Sunday, 9 December 2012


Welcome back to the Schrödinger picture.

The new LHC+Higgs+Zombie film is now available to watch....

The production values are high for the budget, and the "28-Days-Later"-esque music is brilliant...

.... but the depiction of women in film takes another blow.

The heroine, Amy, is initially a patchwork creation of chummy tomcat (so that she can hang out with the cool boy physicists) and emotional kitten, brilliantly squealing "The Higgs wouldn't do that!", like some highschool cheerleader who has just been told that her leather-jacketed rebel boyfriend is not so much a bad penny as a full-on mass-murdering psychopath, and then, shockingly, appallingly, jaw-droppingly, breezes over the fact that she was date raped less than 24 hours previously by one of the excruciatingly one-dimensional physicists she is trapped with in the LHC.

Am I suggesting that women are so weak as to be utterly unable to overcome such an experience? Am I suggesting that Amy should have been a blubbering mess from start to finish? Not at all. I'm suggesting that the writer threw this crass line into his film without any thought for what it would mean to the character and because he thought, well, that's the kind of thing which happens to girls, right, and we've got a girl in the film, so we'll chuck in a line about her being raped. Now that's character development for you. And now the boys will fight each other, yeah! Which is precisely what happens.

After some more eye-wateringly cringeworthy weepy-weepy scenes, Amy is dropped into the heroine roll the only way badly-written cinema knows how: by silencing her and having her spend the last 15 minutes essentially as a boy, an ass-kicking, gun-firing secret agent spy superhero.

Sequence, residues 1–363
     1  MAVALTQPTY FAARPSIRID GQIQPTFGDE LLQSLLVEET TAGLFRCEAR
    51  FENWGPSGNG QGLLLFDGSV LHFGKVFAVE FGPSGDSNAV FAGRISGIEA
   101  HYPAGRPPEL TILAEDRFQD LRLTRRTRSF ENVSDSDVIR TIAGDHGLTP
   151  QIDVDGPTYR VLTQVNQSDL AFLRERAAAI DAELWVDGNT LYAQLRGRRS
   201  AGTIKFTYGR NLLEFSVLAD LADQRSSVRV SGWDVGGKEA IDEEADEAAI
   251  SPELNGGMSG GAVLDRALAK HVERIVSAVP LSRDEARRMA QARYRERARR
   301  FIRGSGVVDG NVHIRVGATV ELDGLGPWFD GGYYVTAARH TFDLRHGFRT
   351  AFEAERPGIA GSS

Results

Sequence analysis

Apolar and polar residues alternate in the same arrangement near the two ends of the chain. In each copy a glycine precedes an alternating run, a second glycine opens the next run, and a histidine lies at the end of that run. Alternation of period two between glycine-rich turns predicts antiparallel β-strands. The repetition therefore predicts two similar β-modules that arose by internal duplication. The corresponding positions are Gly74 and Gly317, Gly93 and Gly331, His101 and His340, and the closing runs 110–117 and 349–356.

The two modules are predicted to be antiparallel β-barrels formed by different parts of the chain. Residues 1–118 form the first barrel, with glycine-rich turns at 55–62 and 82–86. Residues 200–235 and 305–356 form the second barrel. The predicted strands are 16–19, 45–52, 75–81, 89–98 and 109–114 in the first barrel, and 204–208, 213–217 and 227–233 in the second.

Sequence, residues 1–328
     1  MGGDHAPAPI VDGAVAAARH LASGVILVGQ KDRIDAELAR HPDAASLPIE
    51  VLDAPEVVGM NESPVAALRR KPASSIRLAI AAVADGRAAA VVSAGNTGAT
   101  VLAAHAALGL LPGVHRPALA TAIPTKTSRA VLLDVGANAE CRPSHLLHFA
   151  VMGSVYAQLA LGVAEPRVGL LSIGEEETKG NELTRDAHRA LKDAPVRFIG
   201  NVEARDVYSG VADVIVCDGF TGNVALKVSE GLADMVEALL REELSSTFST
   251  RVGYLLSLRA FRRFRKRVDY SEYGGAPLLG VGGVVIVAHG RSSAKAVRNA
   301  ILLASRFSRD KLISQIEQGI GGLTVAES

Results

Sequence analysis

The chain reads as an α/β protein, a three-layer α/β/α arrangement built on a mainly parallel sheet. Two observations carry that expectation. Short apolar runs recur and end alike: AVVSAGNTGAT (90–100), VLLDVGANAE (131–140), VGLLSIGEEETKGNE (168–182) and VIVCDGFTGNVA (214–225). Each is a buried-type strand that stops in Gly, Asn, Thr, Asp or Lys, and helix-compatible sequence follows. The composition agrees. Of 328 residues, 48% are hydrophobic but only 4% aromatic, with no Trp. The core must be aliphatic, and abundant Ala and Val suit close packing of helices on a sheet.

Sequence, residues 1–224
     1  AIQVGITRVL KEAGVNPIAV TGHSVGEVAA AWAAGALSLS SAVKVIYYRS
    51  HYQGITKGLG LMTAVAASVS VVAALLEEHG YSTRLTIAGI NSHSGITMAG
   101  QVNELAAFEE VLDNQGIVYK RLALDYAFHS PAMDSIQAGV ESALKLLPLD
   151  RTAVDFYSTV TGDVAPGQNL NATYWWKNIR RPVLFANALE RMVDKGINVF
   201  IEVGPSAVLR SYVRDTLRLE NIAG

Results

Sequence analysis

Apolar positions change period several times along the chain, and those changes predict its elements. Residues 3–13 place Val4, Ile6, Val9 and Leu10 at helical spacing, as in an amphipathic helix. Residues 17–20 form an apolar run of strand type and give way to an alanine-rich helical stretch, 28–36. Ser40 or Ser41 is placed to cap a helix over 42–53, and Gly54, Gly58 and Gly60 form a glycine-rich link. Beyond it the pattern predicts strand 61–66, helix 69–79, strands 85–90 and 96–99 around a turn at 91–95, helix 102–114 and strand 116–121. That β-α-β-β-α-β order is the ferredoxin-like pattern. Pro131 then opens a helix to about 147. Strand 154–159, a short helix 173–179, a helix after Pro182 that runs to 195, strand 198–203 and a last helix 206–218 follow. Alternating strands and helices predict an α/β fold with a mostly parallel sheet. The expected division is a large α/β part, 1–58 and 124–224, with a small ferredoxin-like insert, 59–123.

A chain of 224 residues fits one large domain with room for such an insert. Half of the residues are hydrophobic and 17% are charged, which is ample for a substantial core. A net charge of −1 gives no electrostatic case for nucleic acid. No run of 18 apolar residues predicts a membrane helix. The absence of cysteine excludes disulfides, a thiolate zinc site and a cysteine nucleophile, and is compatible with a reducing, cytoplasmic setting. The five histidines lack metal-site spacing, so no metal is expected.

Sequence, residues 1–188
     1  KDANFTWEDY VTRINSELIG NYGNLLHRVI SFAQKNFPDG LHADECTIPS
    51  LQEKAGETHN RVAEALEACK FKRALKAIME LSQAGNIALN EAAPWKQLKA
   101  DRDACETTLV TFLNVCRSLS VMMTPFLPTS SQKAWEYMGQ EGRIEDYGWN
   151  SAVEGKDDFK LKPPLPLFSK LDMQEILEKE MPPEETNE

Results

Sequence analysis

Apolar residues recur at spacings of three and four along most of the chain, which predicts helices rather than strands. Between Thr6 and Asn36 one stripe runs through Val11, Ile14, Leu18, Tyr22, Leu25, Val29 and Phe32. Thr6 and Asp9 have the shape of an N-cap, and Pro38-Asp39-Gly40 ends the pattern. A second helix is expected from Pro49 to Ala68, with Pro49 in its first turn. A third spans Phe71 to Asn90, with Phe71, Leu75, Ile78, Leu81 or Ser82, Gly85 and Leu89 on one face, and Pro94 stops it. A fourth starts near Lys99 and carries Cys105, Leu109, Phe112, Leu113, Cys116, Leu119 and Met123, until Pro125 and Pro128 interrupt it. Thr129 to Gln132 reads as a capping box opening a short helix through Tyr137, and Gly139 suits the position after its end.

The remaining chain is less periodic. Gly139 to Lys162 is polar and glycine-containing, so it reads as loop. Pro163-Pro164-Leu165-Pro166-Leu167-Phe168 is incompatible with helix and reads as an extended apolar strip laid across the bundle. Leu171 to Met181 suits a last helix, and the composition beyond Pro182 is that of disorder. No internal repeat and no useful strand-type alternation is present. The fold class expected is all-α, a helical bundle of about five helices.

The supporting female characters are not treated any better, consigned to either being quickly eaten or, in a forehead-slappingly awful moment, left to flirt in doorways with their supervisors, something which is made even more shocking by the fact that the writer is a physicist and should be well aware that the idea of flirting with another of our kind is as vomit-inducing as an ipecac milkshake.

What could have been a gorgeously tongue-in-cheek pastiche of the fearmongering surrounding the LHC is instead reduced to every teenage boy's first draft of a zombie film by some fantastically clichéd, blasé writing. The one highlight on the scaremongering front, over too quickly, is the mention of mini black holes. Although with hindsight, I'm surprised that there wasn't an audible snigger from the boys after that line.

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